Thursday, April 30, 2015

A medical cannabis program that does not allow plant material is a paradox...

After Easter dinner my younger brother Danny, age 50, came to me on the verge of tears to explain the difficulties he's having as a result of the progression of his neuro-muscular disease. He is not only having more neck pain and body aches, but increased loss of dexterity, muscle control, and muscle fatigue, resulting in more difficulties in writing, walking and feeding himself. He's also extremely frightened as to what the future holds. The memory of the living hell that our older brother endured is still fresh in our minds, even though Fred died almost four years ago from complications of the same disease.

My father unknowingly passed onto Danny and Fred the same disease that his father had (although it was undiagnosed at the time). Dystonia Musculorum Deformans developed in both of my brothers before their teens and got worse with age. It was more pronounced in Fred and he was affected more severely. Being a neurological disorder involving the muscles, some of the symptoms are similar to MS, but typically involve more twisting of the torso, tremors and shaking. Among other things, Fred lost the ability to speak as a teen. In his mid 40s he underwent cervical reconstruction surgery which saved his life but left him a quadriplegic. Having witnessed the hell that was Fred's life for the 11 years before his passing, I still can't appreciate the misery and frustration that was his existence. Stop for a minute and try to imagine life with a body that does not work, no effective means of communicating, but yet possessing a fully functional cognitive ability.

No one in our family was capable of caring for Fred those final years and had it not been for an angel named David who took him in and provided the constant care he needed, he would have wasted away in some cold and uncaring facility at the mercy of an overworked staff. I can't blame Danny for being afraid of the future. With my degenerating back issues and chronic pain, I'm afraid too. But I have a loving wife and children to look after me. Danny is single and on his own.

My brother and I will not be helped by SB3 (in its current state). Our conditions were among those that were cut by amendment when SB1182 was debated and passed by the PA Senate last fall. By its very nature, a list is destined to exclude someone. In the case of qualifying medical conditions for medical cannabis, many someones. Conditions deemed acceptable for treatment with a plant, generated by politicians rather than doctors is a shameful way to determine whose health takes priority. The decisions on who to provide cannabis to and how to best administer it should be the purview of medical professionals.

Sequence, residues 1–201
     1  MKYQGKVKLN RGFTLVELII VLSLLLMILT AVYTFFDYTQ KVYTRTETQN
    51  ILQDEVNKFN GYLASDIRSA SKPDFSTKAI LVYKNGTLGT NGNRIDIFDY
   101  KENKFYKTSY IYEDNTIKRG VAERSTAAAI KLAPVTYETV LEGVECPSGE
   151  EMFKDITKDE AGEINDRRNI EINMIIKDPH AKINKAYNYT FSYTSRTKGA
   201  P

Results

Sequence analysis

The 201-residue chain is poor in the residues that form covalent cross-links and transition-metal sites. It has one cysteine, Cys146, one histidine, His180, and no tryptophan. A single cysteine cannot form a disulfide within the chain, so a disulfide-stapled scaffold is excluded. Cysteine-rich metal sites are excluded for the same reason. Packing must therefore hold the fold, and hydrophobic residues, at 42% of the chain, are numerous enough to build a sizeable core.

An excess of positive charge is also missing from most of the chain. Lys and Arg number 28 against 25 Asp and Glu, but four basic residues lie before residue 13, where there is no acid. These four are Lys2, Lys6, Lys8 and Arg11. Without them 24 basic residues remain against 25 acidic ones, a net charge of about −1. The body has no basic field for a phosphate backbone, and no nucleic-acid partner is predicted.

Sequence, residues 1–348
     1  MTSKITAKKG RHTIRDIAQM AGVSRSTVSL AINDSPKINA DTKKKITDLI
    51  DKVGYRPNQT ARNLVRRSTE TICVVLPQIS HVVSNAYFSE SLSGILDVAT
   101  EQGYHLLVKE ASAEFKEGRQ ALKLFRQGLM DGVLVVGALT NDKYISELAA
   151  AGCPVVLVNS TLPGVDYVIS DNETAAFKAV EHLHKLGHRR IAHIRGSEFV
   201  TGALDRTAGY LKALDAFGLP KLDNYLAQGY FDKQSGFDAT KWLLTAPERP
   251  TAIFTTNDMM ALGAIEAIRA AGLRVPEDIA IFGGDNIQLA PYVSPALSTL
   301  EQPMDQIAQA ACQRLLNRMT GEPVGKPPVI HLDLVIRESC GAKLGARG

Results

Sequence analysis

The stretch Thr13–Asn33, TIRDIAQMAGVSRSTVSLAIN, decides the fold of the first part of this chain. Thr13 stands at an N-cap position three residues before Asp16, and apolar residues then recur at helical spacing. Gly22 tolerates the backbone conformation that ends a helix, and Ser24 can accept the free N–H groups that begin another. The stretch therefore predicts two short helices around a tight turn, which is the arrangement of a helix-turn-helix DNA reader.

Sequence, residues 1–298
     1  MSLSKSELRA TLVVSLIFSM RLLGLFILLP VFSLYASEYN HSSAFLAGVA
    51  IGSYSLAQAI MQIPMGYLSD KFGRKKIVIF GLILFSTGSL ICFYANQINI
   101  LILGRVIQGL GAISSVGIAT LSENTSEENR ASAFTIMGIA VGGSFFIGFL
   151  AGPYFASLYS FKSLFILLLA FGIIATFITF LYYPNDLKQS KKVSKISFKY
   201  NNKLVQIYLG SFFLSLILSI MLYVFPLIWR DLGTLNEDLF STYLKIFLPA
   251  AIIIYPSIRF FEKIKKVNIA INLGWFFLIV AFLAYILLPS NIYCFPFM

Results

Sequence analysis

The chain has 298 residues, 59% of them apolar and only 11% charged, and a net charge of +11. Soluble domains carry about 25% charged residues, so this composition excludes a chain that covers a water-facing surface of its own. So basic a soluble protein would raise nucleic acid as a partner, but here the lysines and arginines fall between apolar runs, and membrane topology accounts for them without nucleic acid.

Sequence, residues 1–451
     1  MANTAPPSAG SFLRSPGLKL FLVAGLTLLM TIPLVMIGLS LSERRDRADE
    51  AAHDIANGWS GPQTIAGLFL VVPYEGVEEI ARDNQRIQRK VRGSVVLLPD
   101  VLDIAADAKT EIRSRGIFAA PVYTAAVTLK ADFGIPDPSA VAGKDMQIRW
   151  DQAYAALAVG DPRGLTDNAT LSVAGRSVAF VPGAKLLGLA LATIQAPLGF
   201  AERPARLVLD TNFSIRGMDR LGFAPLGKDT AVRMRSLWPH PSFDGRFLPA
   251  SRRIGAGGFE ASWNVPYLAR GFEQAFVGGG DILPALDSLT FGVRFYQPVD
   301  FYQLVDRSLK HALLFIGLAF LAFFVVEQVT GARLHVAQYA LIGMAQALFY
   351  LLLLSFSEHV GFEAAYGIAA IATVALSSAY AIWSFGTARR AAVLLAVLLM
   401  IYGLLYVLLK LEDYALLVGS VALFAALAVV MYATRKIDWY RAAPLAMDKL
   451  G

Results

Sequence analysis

Our Legislature is also resistant to allowing cannabis plant material to be used. No state that has adopted a medical cannabis program has done so in a perfect way. But of the 23 states and the District of Columbia who've adopted a medical cannabis program, only two do not allow for plant material to be used. In New Jersey, plant material is essentially the only option for those patients. A medical cannabis program that does not allow plant material is a paradox. I need you to fight for us and the countless others who may not have the voice to do so. I need you to not accept anything less than a bill that covers as many sick and suffering PA residents as possible, and that allows those patients to use the cannabis plant as they and their doctor sees fit.

I've read how medical cannabis can help people with Dystonia in managing their symptoms, especially muscle rigidity, spasms and tremors. That, in turn, reduces pain and muscle fatigue. Beyond reading about it, I've met people with Dystonia who use cannabis for those symptoms and others. One in particular uses it illegally in PA, but since he lives in Philadelphia, where possession of small amounts of cannabis have been decriminalized, he feels comfortable enough in doing so. It's far from a perfect scenario for him, in that he still has to rely on the black market to get his medicine. And as soon as he leaves the city he's back to the reality of a state that still condemns people for possession and use of a medicinal plant.

~Luke Shultz

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